Will Anger in Washington Over the Murder of Khashoggi End the War in Yemen?
George Ochenski
Trump is on the Ropes, But the Pillage of Natural Resources Continues
Farzana Versey
Tribals, Missionaries and Hindutva
Robert Hunziker
Is COP24 One More Big Bust?
David Macaray
The Truth About Nursing Homes
Nino Pagliccia
Have the Russian Military Aircrafts in Venezuela Breached the Door to “America’s Backyard”?
Paul Edwards
Make America Grate Again
David Rosnick
The Impact of OPEC on Climate Change
Binoy Kampmark
The Kosovo Blunder: Moving Towards a Standing Army
Andrew Stewart
Shine a Light for Immigration Rights in Providence
December 17, 2018
Susan Abulhawa
Marc Lamont Hill’s Detractors are the True Anti-Semites
Jake Palmer
Viktor Orban, Trump and the Populist Battle Over Public Space
Martha Rosenberg
Big Pharma Fights Proposal to Keep It From Looting Medicare
David Rosen
December 17th: International Day to End Violence against Sex Workers
Binoy Kampmark
The Case that Dare Not Speak Its Name: the Conviction of Cardinal Pell
Dave Lindorff
Making Trump and Other Climate Criminals Pay
Bill Martin
Seeing Yellow
Julian Vigo
The World Google Controls and Surveillance Capitalism
What is Neoliberalism?
James Haught
Evangelicals Vote, “Nones” Falter
Vacy Vlanza
The Australian Prime Minister’s Rapture for Jerusalem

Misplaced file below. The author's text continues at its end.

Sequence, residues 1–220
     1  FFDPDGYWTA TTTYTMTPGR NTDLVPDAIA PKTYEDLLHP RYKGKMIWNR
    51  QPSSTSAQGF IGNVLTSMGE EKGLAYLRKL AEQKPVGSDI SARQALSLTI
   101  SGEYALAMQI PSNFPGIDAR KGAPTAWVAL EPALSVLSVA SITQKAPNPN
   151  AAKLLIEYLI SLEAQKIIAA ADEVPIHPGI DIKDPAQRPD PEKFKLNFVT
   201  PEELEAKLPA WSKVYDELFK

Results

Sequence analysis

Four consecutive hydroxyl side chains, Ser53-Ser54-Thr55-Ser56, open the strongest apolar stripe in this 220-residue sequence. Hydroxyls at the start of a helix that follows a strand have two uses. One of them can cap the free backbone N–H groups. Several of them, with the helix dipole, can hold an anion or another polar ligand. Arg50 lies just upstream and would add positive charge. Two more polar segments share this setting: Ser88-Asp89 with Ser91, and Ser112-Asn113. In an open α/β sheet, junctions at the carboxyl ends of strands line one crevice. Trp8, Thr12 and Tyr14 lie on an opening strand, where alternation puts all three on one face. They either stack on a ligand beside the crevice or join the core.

Martin Billheimer
Late Year’s Hits for the Hanging Sock
Weekend Edition
December 14, 2018
Friday - Sunday
Andrew Levine
A Tale of Two Cities
Peter Linebaugh
The Significance of The Common Wind
Bruce E. Levine
The Ketamine Chorus: NYT Trumpets New Anti-Suicide Drug
Jeffrey St. Clair
Roaming Charges: Fathers and Sons, Bushes and Bin Ladens
Kathy Deacon
Coffee, Social Stratification and the Retail Sector in a Small Maritime Village
Nick Pemberton
Praise For America’s Second Leading Intellectual
Robert Hunziker
The Yellow Vest Insurgency – What’s Next?
Patrick Cockburn
The Yemeni Dead: Six Times Higher Than Previously Reported
Nick Alexandrov
George H. W. Bush: Another Eulogy
Brian Cloughley
Principles and Morality Versus Cash and Profit? No Contest
Michael F. Duggan
Climate Change and the Limits of Reason
Victor Grossman
Sighs of Relief in Germany
Ron Jacobs
A Propagandist of Privatization
Robert Fantina
What Does Beto Have Against the Palestinians?
Richard Falk – Daniel Falcone
Sartre, Said, Chomsky and the Meaning of the Public Intellectual
Andrew Glikson
Crimes Against the Earth
Robert Fisk
The Parasitic Relationship Between Power and the American Media
Stephen Cooper
When Will Journalism Grapple With the Ethics of Interviewing Mentally Ill Arrestees?
Jill Richardson
A War on Science, Morals and Law
Ron Jacobs
A Propagandist of Privatization
Evaggelos Vallianatos
It’s Not Easy Being Greek